• Pro: Low Cost, Rapid Deployment, Quick to Scale
    • Con: Low Skill, Tactical Focused Only, High Turnover, High Degree of Management Require
  • Independent Contractors – If you only have a need to fill a singular position, and you don’t see that role expanding; and independent contractor might be right for you.  Typically independent contractors are highly capable, self-managing, more experienced, and bring a particular focus and subject matter expertise in a particular subject/category.  However, some have a tendency to chase the next big gig; meaning turnover is a risk, they don’t have the ability to scale (since they are one individual) and they have the most time consuming interview, onboarding and ongoing financial/billing management costs.
    • Pro: Highly Specialized Subject Matter Expertise, Self- Managing, Reliable, Accountable for Results
    • Con: Can Be Expensive, Moderate Risk of Turnover, Typically Seek Longer Term Gigs, Can Be Very Time Consuming to Find, Onboarding and Interviewing Can be Time Consuming, Can’t Scale Beyond Their Own Small Network of Other Contractors
  • Consulting Firm Managed Services – Often, the best of all worlds is to use a managed services firm to supplement your procurement or sourcing team.  Though, admittedly, this can be a bit confusing as well.  A managed services firm can help provide resources utilizing their own staff in an offsite capacity; but can also place individual contractors on-site for you.   This means that they can not only place a named individual onsite, but they can provide access to a broader team; often on an hourly basis.  That broader team can do things like provide back office analytical support; expertise and subject matter experience in categories outside of the onsite individual’s own capabilities; and can generally help ramp up and down more quickly.  Consulting firms also typically assume greater responsibility and accountability for their teams than a traditional temp labor firm.  You also can rely on them to prescreen candidates and have confidence in the reliability and work product of the on-site people they would place; which is something you can’t always say when you individually bring in direct independent contractors.  And, consulting firms typically have knowledge bases, templates, previous project results, tools and technologies that will help their team perform faster and better than your internal team could typically do on their own.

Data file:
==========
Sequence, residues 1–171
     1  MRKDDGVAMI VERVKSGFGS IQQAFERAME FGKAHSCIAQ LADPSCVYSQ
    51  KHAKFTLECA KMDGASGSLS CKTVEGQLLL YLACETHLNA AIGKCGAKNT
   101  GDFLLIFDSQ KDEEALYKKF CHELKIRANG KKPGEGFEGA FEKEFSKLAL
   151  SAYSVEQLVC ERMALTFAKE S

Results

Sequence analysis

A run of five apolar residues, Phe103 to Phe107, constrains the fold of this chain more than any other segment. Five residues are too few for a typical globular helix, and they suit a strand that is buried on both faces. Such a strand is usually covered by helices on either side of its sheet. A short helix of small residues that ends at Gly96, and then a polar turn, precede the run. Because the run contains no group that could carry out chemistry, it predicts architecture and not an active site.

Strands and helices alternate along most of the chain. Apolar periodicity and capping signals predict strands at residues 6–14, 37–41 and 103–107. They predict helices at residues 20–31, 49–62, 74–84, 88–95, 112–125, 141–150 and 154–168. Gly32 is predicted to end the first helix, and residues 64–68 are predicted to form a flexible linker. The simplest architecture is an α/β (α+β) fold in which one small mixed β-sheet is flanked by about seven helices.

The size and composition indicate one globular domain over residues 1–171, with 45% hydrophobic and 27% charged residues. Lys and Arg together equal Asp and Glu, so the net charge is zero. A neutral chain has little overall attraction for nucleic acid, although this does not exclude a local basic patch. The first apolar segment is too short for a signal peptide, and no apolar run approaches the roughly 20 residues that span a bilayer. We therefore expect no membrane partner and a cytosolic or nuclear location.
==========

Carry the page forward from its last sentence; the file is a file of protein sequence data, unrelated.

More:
• Pro: Self Managing, access to institutional knowledge and category benchmark data, multiple SMEs and Skills, can get to hourly instead of daily or monthly commitments; can flex up and down quickly via offsite support, they remove the individual interview component of hiring a contractor.
    • Con: Not as cheap as a traditional temp worker (but returns a high turn on investment).
The above is very much an oversimplification of the temporary procurement labor landscape; but it gives you a better understanding on how to build a business case with your HR team and controllers of budget on why you probably should not be chasing low cost temp labor.    

One major problem when HR departments, MSPs, or VMS staffing solutions get involved is that they want to have negotiations with your temp labor provider on controlling markups.  While this is a valid sourcing strategy for traditional temp labor firms; it simply does not apply to independent contractors or consulting firms.   Your task will be to help communicate why you may need to deviate from this type of thinking; and show them that the total Return on Investment of more experienced labor is much more important than keeping an ultra-low hourly rate for support.    

The below decision matrix can help you understand some of the key decision points in selecting a procurement labor provider:

And this table gives you an idea on which type of procurement temp labor provider you should be utilizing based on the job requirement:

And of course, the easiest way to solve your staffing and procurement temp labor and contractor needs is to simply call Source One.

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William Dorn